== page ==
3. Available jobs should be filled legally and on decent wages, by indigenous British people -- and our government should do whatever is necessary to ensure that is possible.
WE NEED A SEASONAL FARM RECRUITMENT PROGRAMME FOR BRITAIN
There is, we're told, an "inability" to recruit Seasonal Field Hands from Britain. But why?
Are we really saying there are no young people in our towns and cities who wouldn't enjoy a few weeks picking strawberries in the Kent countryside, or vegetables in the fens of West Norfolk?
If we can import workers, legally, from abroad, on the Seasonal Agricultural Workers Scheme -- and as the report below indicates, pay them very well indeed! -- then why is it not possible to encourage people from our own towns and cities to have access to such jobs, first.
One reason is that -- without a programme in place -- many farmers can't afford to pay a wage which is better than that available on Social Security.
Another is that there is no infrastructure in place to advertise the jobs and recruit the people in Britain.
Think about that! The infrastructure exists to recruit them legally from Eastern Europe, and pay them very well indeed, but not from East Anglia or Essex!
In reality, there should be no reason why we can't have programmes aimed at recruiting teenagers, or anyone, from the large towns and cities throughout Britain, for summer and seasonal work in the country.
We need to establish a government body whose job it is to organise a programme which will co-ordinate Farm Recruitment by publicising opportunities in schools, colleges, universities and job centres throughout Britain -- and which will pay a wage attractive enough to make it financially worthwhile for participants.
If such a programme could be properly co-ordinated and funded, then there is no doubt that a great deal -- if not all -- of the seasonal labour required in British agriculture could be provided by indigenous British citizens. The programme may even be over-subscribed!
Such a programme is a natural and intrinsic element of a National Food and Farming Strategy which has Food Sovereignty -- the ability of the country to feed itself independently -- as a core principle.
It is also a good way to heal the growing division between city and country (see Sovereignty, July 2002).
Indeed, farm work -- in certain areas which have been deemed safe -- could even be incorporated into the school curriculum for certain courses. Although no doubt there is presently some EU ruling against "under-age labour", which would need to be repealed or specifically modified.
IN ADDITION, WE NEED.....
Better checks at both entry and departure. As far as the Seasonal Agricultural Workers Scheme is concerned: On entry, no criminal record checks are made, nor any check if any other member of the worker's family has claimed asylum previously. Moreover, there is a need to be able to ensure they have left when their work permits expire.
Illegal immigrants to be fast-tracked back.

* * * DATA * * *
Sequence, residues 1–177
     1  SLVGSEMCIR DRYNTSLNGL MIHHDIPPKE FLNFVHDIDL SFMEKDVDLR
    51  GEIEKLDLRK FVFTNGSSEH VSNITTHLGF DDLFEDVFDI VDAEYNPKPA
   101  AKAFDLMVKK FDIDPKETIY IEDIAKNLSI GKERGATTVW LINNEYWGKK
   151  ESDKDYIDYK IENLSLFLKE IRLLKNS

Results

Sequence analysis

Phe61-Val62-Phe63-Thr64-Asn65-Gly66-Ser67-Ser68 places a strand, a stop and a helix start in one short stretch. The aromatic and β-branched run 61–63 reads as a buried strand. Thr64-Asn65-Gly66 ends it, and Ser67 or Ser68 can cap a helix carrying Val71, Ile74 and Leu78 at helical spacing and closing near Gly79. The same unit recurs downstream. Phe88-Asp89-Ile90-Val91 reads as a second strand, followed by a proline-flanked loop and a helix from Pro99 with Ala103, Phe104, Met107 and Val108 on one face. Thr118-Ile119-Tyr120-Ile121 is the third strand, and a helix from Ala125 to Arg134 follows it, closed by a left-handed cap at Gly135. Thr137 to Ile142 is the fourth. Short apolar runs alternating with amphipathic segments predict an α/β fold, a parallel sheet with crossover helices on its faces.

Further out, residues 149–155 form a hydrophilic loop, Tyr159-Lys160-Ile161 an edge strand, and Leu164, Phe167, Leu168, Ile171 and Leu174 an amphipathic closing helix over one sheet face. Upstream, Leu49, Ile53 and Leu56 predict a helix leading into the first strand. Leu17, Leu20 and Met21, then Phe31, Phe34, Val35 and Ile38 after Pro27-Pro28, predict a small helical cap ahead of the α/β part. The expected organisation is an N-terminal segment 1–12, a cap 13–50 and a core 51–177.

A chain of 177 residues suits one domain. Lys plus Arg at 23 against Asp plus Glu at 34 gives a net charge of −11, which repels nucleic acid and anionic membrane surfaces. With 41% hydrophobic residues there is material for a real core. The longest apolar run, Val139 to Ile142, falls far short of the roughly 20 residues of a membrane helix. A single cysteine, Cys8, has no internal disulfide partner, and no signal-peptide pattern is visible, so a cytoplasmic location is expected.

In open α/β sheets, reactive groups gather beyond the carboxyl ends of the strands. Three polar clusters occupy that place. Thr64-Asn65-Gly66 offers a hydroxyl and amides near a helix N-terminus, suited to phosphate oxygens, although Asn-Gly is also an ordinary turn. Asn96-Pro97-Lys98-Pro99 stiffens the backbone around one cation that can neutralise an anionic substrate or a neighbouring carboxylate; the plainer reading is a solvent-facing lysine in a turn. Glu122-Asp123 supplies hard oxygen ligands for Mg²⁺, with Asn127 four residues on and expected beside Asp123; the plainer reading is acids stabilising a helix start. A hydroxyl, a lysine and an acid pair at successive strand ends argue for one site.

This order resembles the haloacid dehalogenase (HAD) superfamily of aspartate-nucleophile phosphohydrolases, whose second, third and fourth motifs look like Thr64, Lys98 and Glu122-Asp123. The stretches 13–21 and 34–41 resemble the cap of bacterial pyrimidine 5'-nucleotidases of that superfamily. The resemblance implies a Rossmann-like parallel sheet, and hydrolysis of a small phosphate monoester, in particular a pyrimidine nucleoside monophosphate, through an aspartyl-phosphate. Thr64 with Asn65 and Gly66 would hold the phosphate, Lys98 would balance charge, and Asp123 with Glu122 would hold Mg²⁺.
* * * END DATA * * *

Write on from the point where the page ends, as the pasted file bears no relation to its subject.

The TUC to use its undoubted influence to argue for real changes to the British and world economic system that would ensure people could earn a living wage where they live, instead of having to migrate. As Sovereignty's Declaration of Moral Principles for a Sustainable Immigration Programme states (see November 2002): "It is moral to strive for a decent standard of living where you live. It is moral to help others achieve it, in order that they do not have to migrate for economic purposes." This would help transform the lives of working people world-wide. Instead, the TUC promotes politically correct immigration into Britain of foreign workers for jobs which could and should be filled by indigenous British labour.
Farmers to be in a position to offer the job to local, or British, labour first, and to be encouraged, and have access to financial programmes which will enable them so to do. Wages should be on a par with average local wages. The challenge is to ensure it is possible for British farmers to find and hire indigenous labour, and still make a margin.
Break the power of the gangmaster industry altogether. Is it right that private individuals should have the ability to recruit cheap labour from all over the world to work in this country? Moreover, half the gang workers in this country are thought to be illegal. Such a concerted assault on the gangmaster industry can only happen, however, if alternative sources of labour are going to be provided through the sort of government initiatives which we are advocating.
As a first step, gangmasters to be required to register their business before they can legally operate. Shaun Leavey, the Regional Director of the NFU in the South East says that, "Employment agencies are officially required to operate under the Employment Agency Act, but they do not have to register to set up in business, and policing of the Act is alleged to be virtually non-existent. This must not become a way of getting round the law if registration is introduced." (Letter in The Daily Telegraph, 22 July 2003)
And perhaps the most difficult step of all : British people to stand up and say they no longer want these illegal immigrants in their midst, that these people don't belong here, and China, or whoever else, had better take them back, "with or without documentation" and that we, the indigenous people of this country, will only vote for a political party which has the courage to make that plain!